Re: [rtcweb] On the topic of MTI video codecs

Eric Rescorla <ekr@rtfm.com> Thu, 31 October 2013 21:50 UTC

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From: Eric Rescorla <ekr@rtfm.com>
Date: Thu, 31 Oct 2013 14:50:03 -0700
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Subject: Re: [rtcweb] On the topic of MTI video codecs
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On Thu, Oct 31, 2013 at 2:40 PM, Daniel-Constantin Mierla <miconda@gmail.com
> wrote:

>
> On 10/31/13 10:27 PM, Eric Rescorla wrote:
>
>
>
>
> On Thu, Oct 31, 2013 at 2:08 PM, Daniel-Constantin Mierla <
> miconda@gmail.com> wrote:
>
>>
>> On 10/31/13 4:10 PM, Olle E. Johansson wrote:
>>
>>> On 31 Oct 2013, at 10:02, Neil Stratford <neils@vipadia.com> wrote:
>>>
>>>  On 30 Oct 2013, at 17:55, Adam Roach <adam@nostrum.com> wrote:
>>>>
>>>>  As Jonathan mentioned earlier, this morning Cisco announced that it
>>>>> will be open sourcing an H.264 implementation as well as gratis binary
>>>>> modules compiled from that source and hosted by Cisco for download. Mozilla
>>>>> will be modifying Firefox to support H.264 by downloading Cisco's binary
>>>>> module.
>>>>>
>>>>
>>>> It seems like most of the groundwork is being done here for a real
>>>> codec plugin API which would obviate the need for any particular codec to
>>>> be selected as MTI.
>>>>
>>>> Can we encourage this new codec plugin API to be developed in an open
>>>> way as part of the standards process and therefore be supported in all
>>>> browsers? (Enabling for example the addition of VP8 to a browser that may
>>>> not natively ship with it.)
>>>>
>>> I don't agree. The idea was to create a realtime web platform without
>>> the need for any plugins or downloadable modules. We've had that for ages
>>> and it is not a good solution.
>>>
>>> I am still for a MTI codec or set of codecs so we always can set up
>>> video calls, regardless of implementation and if it's possible to download
>>> by policy or network conditions a specific binary.
>>>
>>  Downloading a binary opens doors for tons of risks, knowing that lot of
>> carriers do caching or interpose themselves (e.g., it happens very commonly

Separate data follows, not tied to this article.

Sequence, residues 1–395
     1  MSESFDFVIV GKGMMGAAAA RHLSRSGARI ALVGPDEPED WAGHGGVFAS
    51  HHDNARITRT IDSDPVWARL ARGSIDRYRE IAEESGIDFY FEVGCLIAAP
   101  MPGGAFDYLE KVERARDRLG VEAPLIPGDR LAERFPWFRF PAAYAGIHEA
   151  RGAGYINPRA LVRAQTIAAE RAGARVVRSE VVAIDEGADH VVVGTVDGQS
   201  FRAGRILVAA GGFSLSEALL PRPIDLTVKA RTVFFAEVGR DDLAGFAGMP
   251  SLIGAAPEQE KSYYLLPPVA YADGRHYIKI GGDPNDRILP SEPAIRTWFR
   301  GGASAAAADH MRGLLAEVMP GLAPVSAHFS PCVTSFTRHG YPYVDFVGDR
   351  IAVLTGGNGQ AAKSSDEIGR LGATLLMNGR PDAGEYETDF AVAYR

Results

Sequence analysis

>> for dns to redirect you to some adds page when typing an invalid domain),
>> thus is easy to replace the original source, so a rather complex security
>> mechanism has to be put in place.
>>
>
>  Solely on the security question...
>
>  I'm not sure what you mean by "rather complex". What I would expect is
> to have signed
> binaries. This addresses the question of attack from the network and is
> how we
> intend to handle things in Firefox.
>
>  Note that any product that auto-updates (like Firefox and Chrome)
> already need
> to have some mechanism for verifying that the things they download are
> correct.
>
>
> Typically the updates you mentioned are done from the project's sites, so
> that is easier to handle. Now there is a third party involved, requiring
> some sync'ing between Cisco and browser's sites. It's like a
> menage-a-trios, pretty dirty affair.
>

I don't anticipate any problems implementing this in Firefox (and in case
I wasn't clear previously, I'm probably the person who will be responsible
for figuring out how to make it work).



>  I wonder why flash plugin was not loaded this way, it was always free --
> but had to be downloaded/installed explicitly by users.
>

Well, that's not true for Chrome, at least, which ships with Flash, though
I agree that that's somewhat different.



 Even the argument that the code can be compiled and signatures compared is
>> not really feasible - simply it cannot be done by mobile devices - they
>> don't have the sdk installed.
>>
>
>  I don't see why this would be needed. The containing program (e.g., the
> browser) doesn't compile, it just does signature verification.
>
>  Obviously, this only addresses the question of attack from the network,
> not malicious binaries constructed by Cisco. I expect that to be addressed
> by third parties doing verified builds and comparing the binaries.
> Presumably,
> one could invent some countersignature mechanism to allow clients to
> verify that a specific third party had verified a build.
>
> If we get to 'one could invent some ...' and wait for that, better wait
> for a pure open source video codec.
>

You might be interested in:
http://tools.ietf.org/html/draft-ietf-jose-json-web-signature-17



> Mozilla is working in that direction anyhow.
>

That's going to take rather longer than this.

-Ekr



>
> Daniel
>
> --
> Daniel-Constantin Mierla - http://www.asipto.comhttp://twitter.com/#!/miconda - http://www.linkedin.com/in/miconda
> Kamailio Advanced Trainings - Berlin, Nov 25-28
>   - more details about Kamailio trainings at http://www.asipto.com -
>
>